In his document, Breivik criticises the EDL for not using “terror as a tool”. Seeking to soften his criticism, he writes elsewhere: “Instead of condemning and rejecting organisations like EDL it is essential that conservative intellectuals contribute to help them on the right ideological path”. He also wrote, “Creating a Norwegian EDL should be No. 3 on the agenda after we have started up a cultural conservative newspaper with national distribution.”
Breivik was evidently in close contact with members of the EDL, the BNP and its periphery for nearly a decade.
This raises serious questions about how much Britain’s government and intelligence circles knew of Breivik’s activities. The EDL is at the very least highly infiltrated by the state. According to the Guardian, the EDL’s “online armed forces division has 842 members”. Many of its members wear masks during their “demonstrations” which are organised provocations held in areas with large Muslim populations.
The question must be asked why this far-right activity involving Breivik, all available to read online, was never brought to light by intelligence services in Norway, the UK or elsewhere.
It is well-established that British intelligence services have allotted vast resources to infiltrating left-wing organisations. Yet their attitude towards the far right is reportedly quite different. In an article headlined “Hunt for Britons linked to Norway killer Anders Behring Breivik”, the Daily Telegraph reported: “MI5 is not currently involved in tracking down Right-wing extremists but sources admitted the attacks could force a change of tactics”. So why did British intelligence apparently turn a blind eye on Breivik?
Breivik’s document also makes clear another important ideological connection to Britain. Breivik found justification for his atrocities not merely from the EDL, but from the anti-immigration policies and rhetoric of the major parties and the media.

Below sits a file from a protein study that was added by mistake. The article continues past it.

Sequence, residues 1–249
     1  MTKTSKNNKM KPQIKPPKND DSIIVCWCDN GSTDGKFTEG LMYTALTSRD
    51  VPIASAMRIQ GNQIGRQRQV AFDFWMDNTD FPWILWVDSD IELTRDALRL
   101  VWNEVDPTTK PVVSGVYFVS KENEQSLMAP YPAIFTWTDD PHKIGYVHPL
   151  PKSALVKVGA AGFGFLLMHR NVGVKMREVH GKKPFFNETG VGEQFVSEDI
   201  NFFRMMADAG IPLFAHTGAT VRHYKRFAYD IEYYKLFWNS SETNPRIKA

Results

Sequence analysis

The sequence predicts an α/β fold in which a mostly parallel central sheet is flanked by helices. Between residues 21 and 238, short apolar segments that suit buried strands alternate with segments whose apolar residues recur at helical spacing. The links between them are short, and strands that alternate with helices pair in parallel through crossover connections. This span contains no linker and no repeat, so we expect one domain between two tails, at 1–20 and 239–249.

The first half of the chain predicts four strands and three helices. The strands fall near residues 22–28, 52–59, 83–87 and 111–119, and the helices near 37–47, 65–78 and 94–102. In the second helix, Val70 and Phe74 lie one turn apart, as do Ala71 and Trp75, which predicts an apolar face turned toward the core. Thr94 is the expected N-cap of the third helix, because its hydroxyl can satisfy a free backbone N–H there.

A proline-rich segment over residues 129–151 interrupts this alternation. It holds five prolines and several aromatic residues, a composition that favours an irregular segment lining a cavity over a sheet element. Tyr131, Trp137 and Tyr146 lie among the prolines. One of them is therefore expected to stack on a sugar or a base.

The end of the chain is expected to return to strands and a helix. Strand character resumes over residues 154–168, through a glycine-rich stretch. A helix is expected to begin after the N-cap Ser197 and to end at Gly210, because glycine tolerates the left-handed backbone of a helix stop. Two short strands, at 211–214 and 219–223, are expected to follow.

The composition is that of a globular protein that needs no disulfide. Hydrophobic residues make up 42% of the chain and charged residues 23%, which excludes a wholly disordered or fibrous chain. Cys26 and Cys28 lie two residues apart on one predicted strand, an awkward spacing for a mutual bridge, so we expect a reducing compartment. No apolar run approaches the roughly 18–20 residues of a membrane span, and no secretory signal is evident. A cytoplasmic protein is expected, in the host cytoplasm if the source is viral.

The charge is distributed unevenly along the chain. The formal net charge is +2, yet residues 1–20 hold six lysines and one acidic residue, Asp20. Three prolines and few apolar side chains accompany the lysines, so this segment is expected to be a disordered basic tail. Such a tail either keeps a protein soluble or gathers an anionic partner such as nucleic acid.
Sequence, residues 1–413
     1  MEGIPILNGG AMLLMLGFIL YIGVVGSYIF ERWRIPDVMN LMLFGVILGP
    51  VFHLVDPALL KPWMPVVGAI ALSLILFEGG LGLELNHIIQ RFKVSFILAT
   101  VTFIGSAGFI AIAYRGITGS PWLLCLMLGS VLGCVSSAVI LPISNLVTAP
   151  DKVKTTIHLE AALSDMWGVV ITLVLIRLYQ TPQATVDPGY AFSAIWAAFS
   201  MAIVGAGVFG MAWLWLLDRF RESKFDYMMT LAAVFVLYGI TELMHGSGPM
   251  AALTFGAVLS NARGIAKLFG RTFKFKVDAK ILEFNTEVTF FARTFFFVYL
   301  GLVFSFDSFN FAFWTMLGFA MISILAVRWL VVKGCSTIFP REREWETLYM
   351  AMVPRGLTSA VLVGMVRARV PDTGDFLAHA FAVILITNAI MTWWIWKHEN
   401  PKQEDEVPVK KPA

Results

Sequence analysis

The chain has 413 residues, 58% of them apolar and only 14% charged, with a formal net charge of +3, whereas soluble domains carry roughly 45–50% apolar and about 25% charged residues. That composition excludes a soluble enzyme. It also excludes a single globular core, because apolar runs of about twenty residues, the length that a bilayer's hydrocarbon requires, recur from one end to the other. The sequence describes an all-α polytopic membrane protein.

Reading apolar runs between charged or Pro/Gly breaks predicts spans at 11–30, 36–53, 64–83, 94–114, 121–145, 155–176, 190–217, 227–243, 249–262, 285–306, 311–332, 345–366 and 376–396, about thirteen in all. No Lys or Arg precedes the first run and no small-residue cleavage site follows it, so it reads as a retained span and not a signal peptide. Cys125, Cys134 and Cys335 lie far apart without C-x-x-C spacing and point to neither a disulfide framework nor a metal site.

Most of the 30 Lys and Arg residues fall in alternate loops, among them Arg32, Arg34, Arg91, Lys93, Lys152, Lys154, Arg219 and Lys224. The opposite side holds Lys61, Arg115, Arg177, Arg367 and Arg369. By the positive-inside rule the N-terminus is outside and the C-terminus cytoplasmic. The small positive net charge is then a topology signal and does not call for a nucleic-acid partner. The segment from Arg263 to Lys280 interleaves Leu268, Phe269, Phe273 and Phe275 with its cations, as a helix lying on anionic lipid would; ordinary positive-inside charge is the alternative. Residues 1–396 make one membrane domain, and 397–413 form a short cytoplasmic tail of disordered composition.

Last week Thorbjørn Jagland—a senior member of the Norwegian Labour Party and former prime minister of Norway—called on politicians like David Cameron and Angela Merkel to be more “cautious” when discussing immigration and “ multiculturalism”.
It was only in February that Cameron gave an inflammatory speech at the Munich Security Conference, warning that the “biggest threat” to security was terrorist attacks by “young men who follow a completely perverse, warped interpretation of Islam”. The root cause, he added, was neither social deprivation nor hostility to “western foreign policy”, but “state multiculturalism”.
For its part, the Labour Party has encouraged the reactionary layers in the EDL by advocating right-wing populism and nationalism. Blue Labour, whose programme has been summarised as a profession of “Flag, Faith and Family”, was set up by academic Maurice Glasman.
Glasman is a key policy advisor to Labour leader Ed Miliband. He recently argued for “engagement” with the EDL and for involvement of “people who support the EDL within our party”.